Chag Same’ach Sukkot! From now through sundown Oct. 23, our Israeli and Jewish brothers and sisters will celebrate the last of the 3 Fall Festivals: Sukkot, also known as the Feast of Tabernacles (or Booths). It’s a week-long festival commemorating the 40-yr. journey of the Israelites in the wilderness. Read about it in Ex. 23:16; 34:22; Lev. 23: 33-43; Num. 29:12-40; Deut. 16: 13-5; Ez. 3:4; Neh. 8:13-18. It has a dual significance: 1) Agriculturally, Sukkot is Israel’s thanksgiving for a joyful harvest of the ingathering of grain and wine. 2) As an historical event, it is a remembrance of God’s protection, protection, and care during their 40 yrs. in the wilderness as they lived in booths (tents).
During Sukkot, 2 important ceremonies took place: 1) the people carried torches around the Temple at night, illuminating candelabrum along the walls to demonstrate that the Maschiach would be a light to Gentiles; 2) the High Priest would lead a procession to the Pool of Siloam and fill a golden pitcher with water and take it back to the Temple and pour it out beside the altar. Here he and the people would call upon the Lord to provide rain for their supply, and the people would wave palm leaves and sing out: Save us, we pray, O LORD . . . O LORD, we pray, let us thrive!. Blessed is he who comes in the name of the LORD! We bless you from the house of the LORD! (Ps. 118:25-26).
On one occasion Yeshua attended the Feast of Tabernacles in Jerusalem and spoke these amazing words that give this feast meaning for us Christians, If anyone is thirsty, let him come to me and drink. Whoever believes in me, as the Scripture has said, streams of living water will flow from within him (meaning the Holy Spirit, Jn. 7:37-38, NIV). Because of Jesus giving us living water (life eternal), we never have to be spiritually thirsty anymore. The next morning, while torches were still burning Yeshua said, I am the light of the world. Whoever follows me [we Christians] will never walk in darkness, but will have the light of life (Jn.8:12, NIV).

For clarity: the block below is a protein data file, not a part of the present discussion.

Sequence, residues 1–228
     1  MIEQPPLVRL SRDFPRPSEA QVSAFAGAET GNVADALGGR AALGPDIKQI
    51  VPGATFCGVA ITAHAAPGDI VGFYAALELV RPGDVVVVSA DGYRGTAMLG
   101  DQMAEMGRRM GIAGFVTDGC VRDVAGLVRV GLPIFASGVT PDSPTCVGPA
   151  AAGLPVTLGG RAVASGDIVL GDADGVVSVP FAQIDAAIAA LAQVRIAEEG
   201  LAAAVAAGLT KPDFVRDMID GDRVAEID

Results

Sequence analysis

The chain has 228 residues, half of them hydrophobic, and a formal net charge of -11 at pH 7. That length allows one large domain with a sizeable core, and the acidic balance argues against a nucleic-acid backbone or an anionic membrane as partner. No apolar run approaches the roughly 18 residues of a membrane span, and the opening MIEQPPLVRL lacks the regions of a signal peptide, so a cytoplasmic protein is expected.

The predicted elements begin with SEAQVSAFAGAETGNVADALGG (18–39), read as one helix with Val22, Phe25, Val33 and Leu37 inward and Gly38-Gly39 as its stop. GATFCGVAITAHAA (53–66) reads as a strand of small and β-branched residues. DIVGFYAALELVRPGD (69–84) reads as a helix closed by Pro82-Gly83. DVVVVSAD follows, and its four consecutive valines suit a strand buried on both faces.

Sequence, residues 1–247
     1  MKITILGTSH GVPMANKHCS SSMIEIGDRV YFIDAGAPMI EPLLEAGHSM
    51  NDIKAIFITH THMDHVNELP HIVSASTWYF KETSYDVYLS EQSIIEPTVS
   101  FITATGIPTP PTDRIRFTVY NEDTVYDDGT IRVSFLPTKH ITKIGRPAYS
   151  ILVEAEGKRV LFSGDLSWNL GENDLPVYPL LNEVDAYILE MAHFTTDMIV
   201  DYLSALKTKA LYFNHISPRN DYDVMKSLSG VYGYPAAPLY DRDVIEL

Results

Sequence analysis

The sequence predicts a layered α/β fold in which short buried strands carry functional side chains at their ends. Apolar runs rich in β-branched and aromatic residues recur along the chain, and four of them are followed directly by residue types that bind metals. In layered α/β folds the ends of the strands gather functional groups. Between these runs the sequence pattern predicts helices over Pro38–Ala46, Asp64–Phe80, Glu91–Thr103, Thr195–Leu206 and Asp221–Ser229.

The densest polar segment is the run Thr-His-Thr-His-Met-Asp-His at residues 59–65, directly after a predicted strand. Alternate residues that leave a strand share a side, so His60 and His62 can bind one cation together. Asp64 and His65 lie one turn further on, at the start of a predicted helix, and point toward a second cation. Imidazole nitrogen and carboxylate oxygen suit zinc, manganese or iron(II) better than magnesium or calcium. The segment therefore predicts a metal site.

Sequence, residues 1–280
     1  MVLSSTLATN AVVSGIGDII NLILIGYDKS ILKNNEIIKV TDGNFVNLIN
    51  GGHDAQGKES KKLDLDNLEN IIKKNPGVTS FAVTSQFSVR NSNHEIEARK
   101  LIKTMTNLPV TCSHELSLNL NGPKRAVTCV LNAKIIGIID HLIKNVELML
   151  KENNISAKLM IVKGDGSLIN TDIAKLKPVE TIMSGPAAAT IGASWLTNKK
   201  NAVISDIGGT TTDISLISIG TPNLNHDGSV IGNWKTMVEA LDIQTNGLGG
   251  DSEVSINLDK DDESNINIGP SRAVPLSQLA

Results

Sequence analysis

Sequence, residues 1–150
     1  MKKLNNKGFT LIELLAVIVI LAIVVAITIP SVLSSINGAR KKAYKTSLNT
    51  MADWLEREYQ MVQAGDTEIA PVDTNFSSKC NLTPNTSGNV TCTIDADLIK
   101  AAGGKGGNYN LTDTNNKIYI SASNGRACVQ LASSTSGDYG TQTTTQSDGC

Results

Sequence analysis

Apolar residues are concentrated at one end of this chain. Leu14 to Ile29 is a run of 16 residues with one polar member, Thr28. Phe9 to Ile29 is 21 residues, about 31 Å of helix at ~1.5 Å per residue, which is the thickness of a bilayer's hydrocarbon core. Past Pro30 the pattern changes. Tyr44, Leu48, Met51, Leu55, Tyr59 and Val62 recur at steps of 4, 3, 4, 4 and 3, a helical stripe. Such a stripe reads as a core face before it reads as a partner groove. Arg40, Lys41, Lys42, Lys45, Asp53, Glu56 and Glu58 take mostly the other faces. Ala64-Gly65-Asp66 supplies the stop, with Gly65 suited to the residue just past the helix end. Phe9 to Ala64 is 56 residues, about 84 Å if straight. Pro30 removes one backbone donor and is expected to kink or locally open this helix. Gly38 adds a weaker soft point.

Finally, Zechariah prophesied that it would be celebrated at the 2nd Coming of Yeshua ha Maschiach to commemorate the final, joyful regathering and restoration of Israel, as well as the ingathering of Gentiles. I suggest that it is the final fulfillment of Gen. 12:3 where all families of the earth will be blessed through Yeshua, the seed of Abraham. Rev. 21:3 declares that in the New Heavens and New Earth Yaweh Himself will tabernacle – live with us and we will be His people who never again will know tears, mourning, crying, pain, or death! Hallelujah, Sukkot is a week that gives us cause to rejoice!
Concluding this great festival on Oct. 24 is Simchat Torah or Rejoicing in the Torah! In Israel there will be dancing in the streets and synagogues with Torah Scrolls. This is a great day for us to rejoice by reading and meditating on Yaweh’s forever settled Word in heaven and pray that it will always be a lamp unto our feet and light for our path and that we will hide it away in our hearts so that we might not sin against Yaweh. I encourage you on Simchat Torah to read from Ps. 119 where David exalts the Torah. It is Yaweh’s guidebook to living a life that pleases Him!
(This blog was written by my good friend Dr. Dwaine Braddy, with the help of the following resource: www.hebrew4christians.com)